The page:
01 May “Relaunching America’s Workforce Act” Proposes $15 Billion in Workforce Funding
Legislation to Fund Workforce Introduced
The “Relaunching America’s Workforce Act” (RAWA), was introduced this afternoon, by Chairman of the Education and Labor Committee Bobby Scott along with Representatives Andy Levin, Susan Davis, Suzanne Bonamici, Joaquin Castro, Marcy Fudge, Lucy McBath, Susie Lee, Haley Stevens, Joe Courtney, Steven Horsford, and Angie Craig and co-led in the Senate by Tim Kaine, Tammy Baldwinm and Tina Smith. RAWA intends to provide both immediate and long term supports to the U.S. workforce. The proposed funding structure in the legislation mirrors The American Recovery and Reinvestment Act, the stimulus bill passed in 2009 to address The Great Recession. Funding for the workforce system will be funneled through existing channels, to get resources to the local level as quickly as possible. RAWA aims to keep people on the job now, while also putting people back to work when necessary. RAWA focuses on maintaining core elements of WIOA and CTE by focusing on the most vulnerable populations and, while recognizing the definition of this will change due to the COVID-19 crisis, ensuring supports will be provided to those most effected. This Act increases flexibility so more funding can be used for training, supportive services, and career services.
A section by section summary can be found here.
Top Level Funding:
- $500 million for National Dislocated Worker Grants
- $2.5 billion for State Dislocated Worker Grants
- $2.5 billion for Youth Workforce Investment Activities
- $2.5 billion for Adult Education and Training Activities
- $1 billion for Wagner- Peyser/Employment Services
- $500 million for JobCorps
- $150 million for Native American Programs
- $150 million for Migrant and Seasonal Farmworkers
- $250 million for YouthBuild
- $350 million for Reentry Employment Opportunities
- $500 million for Registered Apprenticeships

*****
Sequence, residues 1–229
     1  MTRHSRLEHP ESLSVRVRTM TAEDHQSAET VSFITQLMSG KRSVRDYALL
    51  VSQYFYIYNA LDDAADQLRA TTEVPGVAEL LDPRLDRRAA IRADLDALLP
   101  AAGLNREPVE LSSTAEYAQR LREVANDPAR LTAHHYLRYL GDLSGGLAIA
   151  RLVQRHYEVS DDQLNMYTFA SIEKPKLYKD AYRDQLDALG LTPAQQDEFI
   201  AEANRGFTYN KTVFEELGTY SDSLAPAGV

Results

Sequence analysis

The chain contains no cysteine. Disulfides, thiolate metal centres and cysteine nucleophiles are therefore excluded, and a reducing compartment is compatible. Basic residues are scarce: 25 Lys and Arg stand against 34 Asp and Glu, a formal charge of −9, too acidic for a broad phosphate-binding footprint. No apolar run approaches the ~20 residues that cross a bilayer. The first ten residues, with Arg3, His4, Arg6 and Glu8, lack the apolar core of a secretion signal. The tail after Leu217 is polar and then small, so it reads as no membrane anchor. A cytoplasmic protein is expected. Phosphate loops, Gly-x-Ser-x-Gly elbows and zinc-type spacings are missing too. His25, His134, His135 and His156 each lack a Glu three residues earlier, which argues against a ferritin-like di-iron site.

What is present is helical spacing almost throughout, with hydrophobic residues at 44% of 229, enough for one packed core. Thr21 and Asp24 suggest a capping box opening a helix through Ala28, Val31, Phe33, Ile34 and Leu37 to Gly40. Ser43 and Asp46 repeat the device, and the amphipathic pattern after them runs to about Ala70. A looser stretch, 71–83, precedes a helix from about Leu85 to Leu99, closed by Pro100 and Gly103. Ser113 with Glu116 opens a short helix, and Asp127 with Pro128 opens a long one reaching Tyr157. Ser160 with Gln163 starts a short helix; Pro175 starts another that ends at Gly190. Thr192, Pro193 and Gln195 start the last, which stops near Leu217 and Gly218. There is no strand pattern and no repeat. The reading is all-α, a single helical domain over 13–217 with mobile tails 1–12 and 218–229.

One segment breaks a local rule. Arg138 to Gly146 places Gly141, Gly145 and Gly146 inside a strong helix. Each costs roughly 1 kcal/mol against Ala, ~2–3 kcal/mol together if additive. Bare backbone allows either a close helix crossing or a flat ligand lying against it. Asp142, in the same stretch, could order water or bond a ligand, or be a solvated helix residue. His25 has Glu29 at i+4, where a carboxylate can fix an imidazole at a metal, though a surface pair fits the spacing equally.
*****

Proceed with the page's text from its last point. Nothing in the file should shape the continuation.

- $1 billion for Adult Education and Literacy
- $2 billion for Community College and Industry Partnership Grants (TAACCCT Grants)
Flexibilities and Legislative Takeaways:
- Provides eligibility flexibility and maintaining eligibility for use. This legislation expands on increased eligibility offered in the CARES Act, ensuring that all individuals in need of WIOA services are able to access them.
- Expands eligibility so anyone can access individualized career services
- This eligibility extends to all in the labor force, including the “gig” or independent contract worker.
- Expands the allowable amount of funds used on incumbent workers to 40%.
- Makes allowable 40% of funds for transitional jobs, including public sector jobs.
- Allows 75% of employee wages eligible to be reimbursed for on the job training.
- Allows for an additional 10% of allocated funds for governor’s reserve to be used for COVID-19 response.
- Requires states to deliver a COVID-19 recovery plan within 60 days of funds being distributed.
- Requires that at least 50% of dislocated worker grants to be distributed in 60 days.
- Makes allowable 1/3 of adult education funds to be used on incumbent worker training and employer supports.
- Native American Grants expanded eligibility to individuals at up to 150% of poverty line.
- No funds for this act may be used for IRAPs or SREs.
NAWB is thrilled to support his legislation, which is in line with the funding requests we have made to Congress. NAWB has collaborated with National League of Cities, National Association of Counties and, the United States Conference of Mayors to present a unified voice of support for this legislation. For questions, comments, or concerns please reach out to Matt Bandstra at firstname.lastname@example.org
(Source: National Association of Workforce Boards; 5/1/20)